The Debye Award, which dates to 1962, recognizes outstanding research in physical chemistry. As an ACS Fellow, Schatz is being honored for excellence in chemistry and service to society. He is the first Northwestern faculty member to receive either honor.
Schatz works on theory and computational modeling in a variety of nanoscience areas as well as in the related fields of biophysics and materials. His nanoscience research has focused on the optical properties of noble metal nanoparticles, nanoholes in films and other nanostructured materials of relevance to chemical and biological sensing applications, and on modeling nanopatterning and molecular self-assembly processes.
Schatz also has studied DNA structures and thermal properties, transport in ion-channels and the formation of water droplets on nanoscale structures. In addition, he has worked actively in the theory and modeling of the mechanical properties of hard materials, including diamond films, graphene and carbon nanotubes.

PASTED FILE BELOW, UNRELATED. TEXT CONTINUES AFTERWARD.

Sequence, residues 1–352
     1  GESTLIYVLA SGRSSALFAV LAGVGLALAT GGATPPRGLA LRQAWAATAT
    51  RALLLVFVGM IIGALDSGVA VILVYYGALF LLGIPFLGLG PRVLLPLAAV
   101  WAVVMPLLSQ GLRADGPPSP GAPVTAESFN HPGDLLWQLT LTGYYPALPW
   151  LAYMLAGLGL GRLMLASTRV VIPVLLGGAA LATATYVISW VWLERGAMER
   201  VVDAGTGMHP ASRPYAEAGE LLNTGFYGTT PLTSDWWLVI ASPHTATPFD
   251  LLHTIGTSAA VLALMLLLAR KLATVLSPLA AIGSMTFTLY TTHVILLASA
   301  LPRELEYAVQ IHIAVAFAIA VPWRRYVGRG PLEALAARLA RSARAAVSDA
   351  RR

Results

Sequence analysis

His numerous awards include the 2008 Foresight Institute Feynman Prize, the Max Planck Research Award and the Bourke Medal of the Royal Society of Chemistry. Schatz is a member of the National Academy of Sciences, the American Academy of Arts and Sciences and the International Academy of Quantum Molecular Sciences. He is editor-in-chief of the Journal of Physical Chemistry.
Schatz is co-author of three books and author of more than 500 publications. His research is supported by the National Science Foundation, the U.S. Department of Energy, the National Institutes of Health, the Air Force Office of Scientific Research and the Defense Research Advanced Projects Agency.